Bhutan is a fascinating country and not just because of its immense beauty. Relatively isolated from the world, Bhutan restricts the number of tourists entering the country in order to preserve its environment and its cultural identity and defines success through the happiness of its people, not its economy. This Buddhist kingdom is certainly unique, but to really see this in action, we’ve summed up the best things to see and do in Bhutan to make the most of everything it has to offer.
Embark on a pilgrimage to Taktsang Monastery
Let's start with the most iconic sight of Bhutan. Poised with all the grace of its namesake animal overlooking the gorge below, the Tigers Nest Monastery is seemingly unreachable so high up on the jutting cusp of the rocky promontory.
You'd be correct if you think the views from this cliffside ‘tigers lair’ would be spectacular. The two-hour slow climb eases you through a stunning pine forest and teases you with momentary glimpses of the monastery as you ascend, reminding you to say your prayers as you traverse steep stone steps. You’ll be rewarded with an up-close look at the stunning Buddhist architecture of a monastery that looks like it escaped from the pages of a book.
While you're there, be sure to burn some incense and tie prayer flags, just like the locals do, and, of course, offer your gratitude to the deities for a memory you won’t soon forget.
Watch a masked dance at one of the annual Tsechus (festivals)
The best seasons to visit Bhutan are spring when the valleys give birth to blossoming flowers, and autumn, when the Himalayan peaks frame your blue-sky views. Fortunately, these two seasons coincide with two of the biggest festivals Bhutan has to offer and the absolute highlight of both has to be the mask dances.
From celebrating victory to protecting people from harmful spirits, this tradition is taken very seriously, bringing people together in their finest clothes through spirituality, communal joy and celebration of the passing of the seasons. The dancers practise in the monasteries for weeks beforehand, which is also interesting to observe should your schedule not align with the festival itself. They give their all to the beating of the drums, horns and bells - it really is a sight to behold.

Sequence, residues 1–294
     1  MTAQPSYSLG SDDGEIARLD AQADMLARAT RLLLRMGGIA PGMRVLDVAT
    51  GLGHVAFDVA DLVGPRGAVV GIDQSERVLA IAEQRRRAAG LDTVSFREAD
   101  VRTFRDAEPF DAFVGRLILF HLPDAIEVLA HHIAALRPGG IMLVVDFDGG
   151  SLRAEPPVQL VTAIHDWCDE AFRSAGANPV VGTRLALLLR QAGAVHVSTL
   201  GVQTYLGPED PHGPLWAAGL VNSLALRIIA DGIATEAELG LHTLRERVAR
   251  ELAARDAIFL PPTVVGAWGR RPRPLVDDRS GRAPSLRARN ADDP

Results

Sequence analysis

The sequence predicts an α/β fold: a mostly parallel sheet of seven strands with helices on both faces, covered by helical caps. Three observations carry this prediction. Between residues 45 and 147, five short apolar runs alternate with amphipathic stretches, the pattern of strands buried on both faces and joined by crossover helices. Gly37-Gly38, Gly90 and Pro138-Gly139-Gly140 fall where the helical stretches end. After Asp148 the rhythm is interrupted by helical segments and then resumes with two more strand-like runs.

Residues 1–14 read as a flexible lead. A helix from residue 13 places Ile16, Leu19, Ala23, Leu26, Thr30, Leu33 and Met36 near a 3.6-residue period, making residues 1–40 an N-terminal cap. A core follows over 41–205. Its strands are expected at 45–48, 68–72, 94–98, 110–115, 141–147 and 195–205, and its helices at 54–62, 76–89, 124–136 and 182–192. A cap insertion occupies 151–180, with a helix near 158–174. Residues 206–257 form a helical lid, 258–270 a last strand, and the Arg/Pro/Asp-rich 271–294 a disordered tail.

Try your hand at archery
The national sport of Bhutan is archery, so what better way to get into the ‘spirit’ than with the locals who'll be keen to show you how it's done?
Far beyond just trying to hit a target, the Bhutanese make a whole social event of the game, with each team's ‘cheerleaders’ making a raucous song and dance, often to distract rival teams while playing. And what pairs better with shooting sharp arrows than a spot of drinking? Which does make it even more impressive when hitting a bullseye, and hopefully not a person!
The aim of the game is primarily about bringing people together, so it doesn’t really matter if you hit the target, which is double the distance that is used in the Olympics. So, throw yourself into meeting people, having fun and really getting to grips with the social glue that holds the Bhutanese together, and no one will care if your aim is a bit off.
White water rafting on the Mo Cho river
Don’t worry if you’ve never tried this before, you won’t be tested too much by the rapids on the Mo Cho River, but you will be treated to a unique viewpoint in which to take in the magnificent scenery. Abundant green meadows and high mountains surround you as you whoosh down the river, paired with some excellent commentary from your guide about the wildlife, vegetation and any impressive buildings you’ll pass.
Your journey comes to an end at the very majestic Punakha Dzong, known as the Palace of Great Happiness, and you will certainly feel blissed out after all that adrenaline. If you happen to visit in spring, the gorgeous jacaranda trees will be in bloom, showing off their mauve flowers for a truly postcard-perfect end to your excursion.
Viewing vulnerable black-necked cranes in Gangtey
From early November till the end of February, head to Phobjikha Valley to admire the graceful black-necked cranes that circle overhead. Hunted in Bhutan until 1980, the black-necked cranes are now not only a protected species but a symbol of longevity. The people of Bhutan consider it good luck when the cranes circle above their valley so the only way to welcome them is with a celebratory festival, of course!
Phobjikha Valley is the largest wetland and crane roosting ground in the country and is also a growing ecotourism destination. To ensure the cranes' protection, The Royal Society for the Protection of Nature stopped plans to build power lines that would bring electricity to local villages, which would interrupt crane flight paths. Instead, they paid for solar lighting and an underground power grid, expanded wetlands and built shallow ponds for the cranes to roost in, safe from predators. Conservation efforts have paid off, with crane numbers increasing.
It's an incredibly heartwarming example of just how successful a country can be when its leaders prioritise environmental conservation.